White wine is popular across the globe, with chardonnay, pinot gris, and sauvignon blanc as the prime contenders. But can you tell the world’s favourite white wines apart? Didn’t think so.
First of all, how is white wine made? It undergoes a fermentation process wherein grape skin doesn’t come into contact with the grape meat during the fermentation stages. This distinguishes white wine from other types of wine like champagne and red wine.
With that said, let’s take a look at two of the popular range of white wines – pinot gris and sauvignon blanc – and their different profiles.
Pinot Gris vs Sauvignon Blanc: Flavour Profiles
If we boil down the difference between these two varieties, Sauvignon Blanc is more aromatic, while Pinot Gris is more neutral.
Sauvignon wine comes in a variety of different styles, but it is always characterised by its strong acidity and herbaceous fragrance profile with grapefruit, gooseberry, and lime.
This wine’s distinct aromatics come from various parts of the wine world – from the iconic Sancerre of the Loire Valley in France to the fruity styles from the green pastures of New Zealand. The location of where the grape is born plays a key role in determining the signature flavour of the wine.
Pinot Gris is a dry white wine with a fruity punch. It strikes you with stronger acidity and features light herb flavours of limes, lemons, honeysuckle, and green apples.
The flavours vary between ripe tropical fruit notes of mango and melon to some botrytis like flavours. In Italy, Pinot gris grapes have an early harvest to maintain the refreshing acid texture while mellowing down the intense fruitiness of the variety, making the flavour profile more neutral. For an experienced wine enthusiast, pinot gris provides a refreshing respite under the heat of a long, summer day.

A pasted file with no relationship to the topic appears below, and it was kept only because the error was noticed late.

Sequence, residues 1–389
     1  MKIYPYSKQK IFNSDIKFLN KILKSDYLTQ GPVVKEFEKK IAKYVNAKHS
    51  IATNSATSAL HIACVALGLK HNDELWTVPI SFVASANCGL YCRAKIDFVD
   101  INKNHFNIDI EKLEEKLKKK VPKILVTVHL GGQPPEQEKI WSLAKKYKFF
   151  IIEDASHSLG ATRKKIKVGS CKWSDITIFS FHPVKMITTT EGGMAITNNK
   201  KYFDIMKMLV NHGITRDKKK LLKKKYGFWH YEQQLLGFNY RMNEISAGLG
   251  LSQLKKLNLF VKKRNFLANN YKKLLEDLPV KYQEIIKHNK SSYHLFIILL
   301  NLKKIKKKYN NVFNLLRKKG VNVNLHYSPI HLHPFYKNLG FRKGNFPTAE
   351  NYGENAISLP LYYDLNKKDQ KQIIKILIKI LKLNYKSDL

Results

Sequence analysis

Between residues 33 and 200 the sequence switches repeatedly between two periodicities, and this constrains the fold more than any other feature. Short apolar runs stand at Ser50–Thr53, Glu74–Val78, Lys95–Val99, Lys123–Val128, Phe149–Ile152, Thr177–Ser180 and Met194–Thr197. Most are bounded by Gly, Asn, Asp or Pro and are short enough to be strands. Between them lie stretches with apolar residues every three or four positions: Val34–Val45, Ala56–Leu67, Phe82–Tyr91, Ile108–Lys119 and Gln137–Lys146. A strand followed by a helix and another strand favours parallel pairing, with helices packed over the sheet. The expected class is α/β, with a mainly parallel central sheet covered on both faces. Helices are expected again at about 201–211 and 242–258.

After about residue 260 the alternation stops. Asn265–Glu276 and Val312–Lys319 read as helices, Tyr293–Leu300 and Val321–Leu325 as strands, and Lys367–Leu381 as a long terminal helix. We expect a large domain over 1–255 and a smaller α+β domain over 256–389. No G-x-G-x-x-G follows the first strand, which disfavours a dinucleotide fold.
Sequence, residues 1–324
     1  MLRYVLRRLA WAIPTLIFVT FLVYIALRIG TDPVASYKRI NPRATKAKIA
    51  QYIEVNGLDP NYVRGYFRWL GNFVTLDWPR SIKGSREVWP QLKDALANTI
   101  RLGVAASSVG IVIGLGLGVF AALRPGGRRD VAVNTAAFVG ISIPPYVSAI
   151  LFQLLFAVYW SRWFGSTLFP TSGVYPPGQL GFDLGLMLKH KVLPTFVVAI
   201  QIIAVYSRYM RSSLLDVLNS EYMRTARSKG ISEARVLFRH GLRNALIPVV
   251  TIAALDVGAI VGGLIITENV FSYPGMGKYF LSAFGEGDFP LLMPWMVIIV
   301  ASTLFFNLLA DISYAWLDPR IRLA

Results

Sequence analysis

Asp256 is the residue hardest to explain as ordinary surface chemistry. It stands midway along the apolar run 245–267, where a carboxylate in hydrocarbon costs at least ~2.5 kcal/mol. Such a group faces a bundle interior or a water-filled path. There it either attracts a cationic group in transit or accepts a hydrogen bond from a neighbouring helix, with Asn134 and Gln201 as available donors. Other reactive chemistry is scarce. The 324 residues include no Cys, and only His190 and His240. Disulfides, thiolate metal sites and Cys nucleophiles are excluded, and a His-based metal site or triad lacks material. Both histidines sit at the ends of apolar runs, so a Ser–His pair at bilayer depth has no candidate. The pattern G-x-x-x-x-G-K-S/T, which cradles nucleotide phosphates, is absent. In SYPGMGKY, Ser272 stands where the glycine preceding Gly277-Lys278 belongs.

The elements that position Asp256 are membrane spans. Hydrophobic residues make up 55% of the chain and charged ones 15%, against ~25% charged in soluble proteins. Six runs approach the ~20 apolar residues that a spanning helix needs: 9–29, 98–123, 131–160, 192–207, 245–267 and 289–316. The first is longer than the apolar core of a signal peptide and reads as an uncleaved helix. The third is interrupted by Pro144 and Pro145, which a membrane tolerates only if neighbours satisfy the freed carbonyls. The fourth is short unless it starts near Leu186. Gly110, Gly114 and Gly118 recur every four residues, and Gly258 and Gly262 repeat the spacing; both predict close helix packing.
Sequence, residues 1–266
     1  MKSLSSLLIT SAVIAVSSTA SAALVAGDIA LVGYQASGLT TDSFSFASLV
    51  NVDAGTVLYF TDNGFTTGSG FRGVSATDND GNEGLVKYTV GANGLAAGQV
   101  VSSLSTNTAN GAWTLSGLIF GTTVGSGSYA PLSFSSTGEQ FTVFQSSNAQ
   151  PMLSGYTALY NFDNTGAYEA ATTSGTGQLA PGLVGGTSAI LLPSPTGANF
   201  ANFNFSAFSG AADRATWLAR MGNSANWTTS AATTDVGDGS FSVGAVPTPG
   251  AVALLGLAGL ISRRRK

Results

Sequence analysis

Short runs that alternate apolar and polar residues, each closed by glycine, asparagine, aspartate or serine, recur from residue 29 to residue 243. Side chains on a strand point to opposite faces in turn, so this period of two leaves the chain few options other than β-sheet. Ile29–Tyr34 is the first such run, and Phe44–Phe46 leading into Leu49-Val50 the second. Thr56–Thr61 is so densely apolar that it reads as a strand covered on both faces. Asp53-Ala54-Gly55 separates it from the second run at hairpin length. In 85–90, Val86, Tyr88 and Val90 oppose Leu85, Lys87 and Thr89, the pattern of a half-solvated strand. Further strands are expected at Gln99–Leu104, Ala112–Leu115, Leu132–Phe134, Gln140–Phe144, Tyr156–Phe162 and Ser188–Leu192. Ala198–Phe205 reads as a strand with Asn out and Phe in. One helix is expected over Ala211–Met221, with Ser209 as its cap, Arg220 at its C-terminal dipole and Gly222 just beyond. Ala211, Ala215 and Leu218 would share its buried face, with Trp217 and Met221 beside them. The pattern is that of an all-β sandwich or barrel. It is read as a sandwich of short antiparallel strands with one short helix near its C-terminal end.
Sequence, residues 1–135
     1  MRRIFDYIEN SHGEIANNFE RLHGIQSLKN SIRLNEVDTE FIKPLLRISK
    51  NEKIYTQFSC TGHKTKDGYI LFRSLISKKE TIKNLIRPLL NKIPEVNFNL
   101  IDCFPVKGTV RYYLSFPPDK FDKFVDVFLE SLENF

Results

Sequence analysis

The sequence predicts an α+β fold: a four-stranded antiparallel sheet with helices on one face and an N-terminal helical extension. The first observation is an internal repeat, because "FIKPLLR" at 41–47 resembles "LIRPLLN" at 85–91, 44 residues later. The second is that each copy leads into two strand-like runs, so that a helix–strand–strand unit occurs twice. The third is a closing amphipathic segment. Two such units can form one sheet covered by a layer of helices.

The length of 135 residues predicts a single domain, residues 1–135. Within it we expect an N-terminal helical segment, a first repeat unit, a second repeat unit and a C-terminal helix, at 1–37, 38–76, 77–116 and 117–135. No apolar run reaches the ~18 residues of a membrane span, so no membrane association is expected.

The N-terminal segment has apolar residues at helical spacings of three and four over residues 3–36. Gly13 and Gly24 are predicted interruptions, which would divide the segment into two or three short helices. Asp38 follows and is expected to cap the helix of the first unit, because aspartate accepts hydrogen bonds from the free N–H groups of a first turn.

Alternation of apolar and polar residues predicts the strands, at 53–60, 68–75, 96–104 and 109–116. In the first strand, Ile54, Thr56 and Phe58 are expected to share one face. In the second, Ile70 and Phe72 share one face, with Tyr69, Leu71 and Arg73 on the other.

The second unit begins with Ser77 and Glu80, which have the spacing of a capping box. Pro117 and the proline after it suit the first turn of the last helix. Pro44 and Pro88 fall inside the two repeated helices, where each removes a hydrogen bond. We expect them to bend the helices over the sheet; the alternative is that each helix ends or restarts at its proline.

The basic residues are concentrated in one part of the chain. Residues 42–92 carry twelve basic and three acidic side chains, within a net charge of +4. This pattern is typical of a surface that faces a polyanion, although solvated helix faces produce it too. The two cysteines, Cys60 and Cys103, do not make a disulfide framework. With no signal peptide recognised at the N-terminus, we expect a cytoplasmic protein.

Pinot Gris vs Sauvignon Blanc: Food Pairs
These two white wines attract a different crowd with their slight, yet noticeable, contrast in palate. First, we’ll touch on the three subtypes of Pinot Gris.
Light bodied types go well with fish dishes and fresh shellfish, providing the right kick to the dish without overpowering the dish with too much flavour.
Medium bodied pinot gris is good for seared fish and roasted chicken as they tend to resemble New World wines with semblances of honeyed, spicy fruit and tart acidity.
Complex, full-bodied pinot gris pairs best with rich, succulent meats like veal, chicken, pork, creamy sauce dishes, and lamb dishes.
On the other hand, Sauvignon Blanc is primarily medium bodied across the board, with its racy acidity and fresh aromas. Green-infused dishes pair beautifully well with this white wine. Southeast Asian food such as Thai and Vietnamese, have many great pairing options with Sauvignon blanc due to their herbaceous and spice-rich cuisines.
With meat pairings, go for chicken, turkey, pork, and seafood. Vegetables like bell pepper, eggplant, and artichoke are great with the white wine and some meat. The Sauvignon Blanc is great for most cheeses too, such as parmesan, mozzarella di bufala, and goat cheese.
Now that you’ve wrapped your head around the differences, here are 2 great white wines to try!
Sauvignon Blanc: Counting Sheep
Counting Sheep is a brightly hued drop that rocks the same vibrant colour of ripe pineapples. Made from the pastures of New Zealand, Counting Sheep is a zesty and vibrant Sauvignon blanc white wine that brings touches of fruity flavours upon first sip. Aside from notable berry and apple fruit notes, it has a citrus zest and herbaceous lift which helps define the palate. This creates a clean, crisp, and smooth finish. If you’re looking for a no-fuss, reliable drink for any get-together, Counting Sheep is a good crowd pleaser to accompany your evenings.
Pinot Gris: The Ned
The Ned is a Pinot Gris fit for any occasion. New Zealand is home to many fresh and fragrant Pinot Gris variants, and many of them like The Ned come from the Marlborough winemaking region of the country. It has a balanced, fruity flavour of fresh apples and pear profiles. It’s also further balanced out with mandarin flavours, giving a zesty kick to this Pinot Gris. The Ned also has a more spicy undertone, which is the Pinot Gris’s most distinguishable feature. This spice makes it a great match for coriander packed curry and coconuts.